Directed by Paul Thomas Anderson
Starring Adam Sandler, Emily Watson, Phillip Seymour Hoffman, Luis Guzman, Mary Lynn Rajskub
It is truly a great thing when a contemporary movie comes out with as much belief — with nary a trace of irony or cynicism — in the sheer power of love, the belief that it can sweep us up in its madness and overwhelm us with its ability to both hurt and heal, the idea that love is what fills in our gaps. In his fourth and most recent film — the surreal, bizarre and completely wonderful Punch-Drunk Love — Paul Thomas Anderson has made just such a movie. In 89 minutes, less than half of his previous film’s running time (the sprawling though stunning Magnolia), Anderson picks us up and takes us on a truly unique journey, showing us a movie we’ve truly never seen before. He challenges the audience and our expectations and allows us to see how truly refreshing it is to watch a story unfold whose path can’t be predicted, something that wasn’t planned out to the letter in some faceless corporate movie office — but rather something that is consistently fresh, invigorating, surprising, and filled to the very brim with love.
Oh yeah, and there’s this Adam Sandler fellow in it, too. He’s one to watch, I think. He can break your heart.
Sandler, doing the best work of his life here by a country mile, is the film’s center, its focus. Appearing in nearly every scene, the movie depends on him and his ability to make us believe in the sad existence of his Barry Egan. If the film hopes to work in any way, on any level, Sandler must deliver nothing short of a wonderful performance. Which is exactly what he does. Of course, some critics have noted that he is not necessarily playing anything other than a more restrained version of the character he has perfected (for lack of a better word) in films such as Happy Gilmore or Big Daddy — but in that regard, I’d have to disagree.
As Barry, Sandler’s performance is full of both nuance and subtlety, the humor of his character more firmly rooted in a deep pathos, allowing us to feel for Barry, rather than to merely laugh at him and his various outbursts. And while it might be funnier to hear Sandler tell a cute girl he has just met that “My girlfriend’s dead you know. She jumped off a cliff and died on impact” (Happy Gilmore), it’s far more rewarding an experience to see him fall deeply, truly in love. Paul Thomas Anderson, who on the surface would seem to have little in common with Sandler and his films, actually manages to direct Sandler into a moving performance that gains miles out of what isn’t said, as opposed to what is. It is about what is shown or hinted at in Barry rather than what is forced down our throats that makes Sandler’s performance — and by extension, Anderson’s direction — so engaging. It’s simply wonderful to watch.
Barry Egan is a lonely man. He is a frustrated man. He is a tormented man. Having been raised among seven sisters intent on ruining his life with their constant chatter and meddling (“Remember when we called you ‘gay boy’ and you’d get all mad? Remember that? Are you still gay?”), and now finding himself running a mundane business selling toiletries to hotel chains in a factory in the middle of Nowhere, California, Egan is a portrait in isolation and sadness as the film begins. And then a harmonium is mysteriously dropped off on the street in front of him, a beautiful girl (a luminous Emily Watson) walks by and asks him to watch her car until the mechanic opens up, and he discovers a loophole in a promotional special that will allow him to obtain a million frequent flyer miles by spending less than 3,000 dollars on Healthy Choice pudding. Remember, this is, after all, a Paul Thomas Anderson film. This is a writer/director not afraid to have a plague-like rain of frogs drop down on his characters. You quickly learn, in his universe, to expect the unexpected.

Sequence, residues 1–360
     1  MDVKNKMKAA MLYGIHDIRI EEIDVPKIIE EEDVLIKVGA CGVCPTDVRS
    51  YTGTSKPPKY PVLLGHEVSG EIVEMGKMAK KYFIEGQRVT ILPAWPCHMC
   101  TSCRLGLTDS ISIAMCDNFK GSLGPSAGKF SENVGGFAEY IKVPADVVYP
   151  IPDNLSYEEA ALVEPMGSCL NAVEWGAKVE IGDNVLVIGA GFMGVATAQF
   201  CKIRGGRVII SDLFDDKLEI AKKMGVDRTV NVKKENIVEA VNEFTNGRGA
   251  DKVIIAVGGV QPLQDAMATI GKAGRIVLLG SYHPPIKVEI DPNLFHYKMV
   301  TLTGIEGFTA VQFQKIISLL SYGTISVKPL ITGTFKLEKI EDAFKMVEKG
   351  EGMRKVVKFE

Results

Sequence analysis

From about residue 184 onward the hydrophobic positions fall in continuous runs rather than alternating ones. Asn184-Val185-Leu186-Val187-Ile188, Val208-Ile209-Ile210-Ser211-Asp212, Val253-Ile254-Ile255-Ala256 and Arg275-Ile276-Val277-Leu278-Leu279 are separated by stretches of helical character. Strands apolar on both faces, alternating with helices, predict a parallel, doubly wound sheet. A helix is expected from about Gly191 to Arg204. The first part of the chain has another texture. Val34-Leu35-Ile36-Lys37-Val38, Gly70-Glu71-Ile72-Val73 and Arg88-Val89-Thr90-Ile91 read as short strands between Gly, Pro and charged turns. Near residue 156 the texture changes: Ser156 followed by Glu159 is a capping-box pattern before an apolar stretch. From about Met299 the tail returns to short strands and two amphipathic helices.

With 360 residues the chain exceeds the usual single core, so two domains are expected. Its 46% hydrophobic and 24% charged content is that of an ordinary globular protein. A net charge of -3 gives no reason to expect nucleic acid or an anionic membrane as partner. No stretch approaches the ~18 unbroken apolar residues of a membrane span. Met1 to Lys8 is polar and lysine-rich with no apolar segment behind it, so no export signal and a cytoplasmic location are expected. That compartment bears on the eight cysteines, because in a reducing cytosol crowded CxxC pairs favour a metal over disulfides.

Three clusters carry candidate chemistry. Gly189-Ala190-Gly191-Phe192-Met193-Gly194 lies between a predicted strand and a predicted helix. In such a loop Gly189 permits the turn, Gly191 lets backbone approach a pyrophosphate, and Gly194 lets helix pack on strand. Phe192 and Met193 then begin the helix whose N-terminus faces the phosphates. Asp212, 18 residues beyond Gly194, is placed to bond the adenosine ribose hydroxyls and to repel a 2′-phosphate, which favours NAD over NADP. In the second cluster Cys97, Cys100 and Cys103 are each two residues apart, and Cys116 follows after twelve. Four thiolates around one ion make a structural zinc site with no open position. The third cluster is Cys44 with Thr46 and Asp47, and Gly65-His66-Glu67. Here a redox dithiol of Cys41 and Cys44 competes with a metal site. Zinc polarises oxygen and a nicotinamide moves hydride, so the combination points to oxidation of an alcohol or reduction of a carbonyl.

Eventually, Barry is formally introduced to the girl he had met earlier that morning, Lena Leonard — who works with one of Barry’s seven sisters- – and, despite the rather awkward circumstances surrounding them (Egan is busy answering threatning calls from a phone sex operator who is trying to extort money from him, while all around the factory, things fall and break and people keep stopping in to ask him why he has so much pudding stacked up by his office), Barry and Lena manage to have a wonderful little bit of conversation. He opens up a bit, for the first time in the movie we see him appear almost happy. Watson, timid herself, seems to find the same connection. She asks him to dinner and gives him her address. And so the journey towards love begins…
And Punch-Drunk Love truly is a love story, albeit an utterly and fantastically unconventional one. From the swelling strings and pounding drums on the soundtrack (never overdone or sappy though, thanks to the genius of composer Jon Brion) to the often gorgeous, washed out cinematography and beautifully painted screen wipes, Anderson immerses his film in the feeling of love. Yes, there are other threats in the film, other obstacles Barry must get through on his way to happiness, but through love, he feels he can make it. Besides, any film which can actually have Adam Sandler speak the line “I have a love and it gives me more strength than you could ever imagine,” and not produce a cringe or a titter in the audience — but can actually give you goose bumps — must qualify as a truly great film. Well, happily, Punch-Drunk Love is just that. A glorious melding of the respective talents of Anderson and Sandler — an assured and daring directorial style that brings out Sandler the human as opposed to Sandler the buffoon man-child — this film easily stands as one of the best films released thus far in 2002.
And now I have a new favorite Adam Sandler film, as well.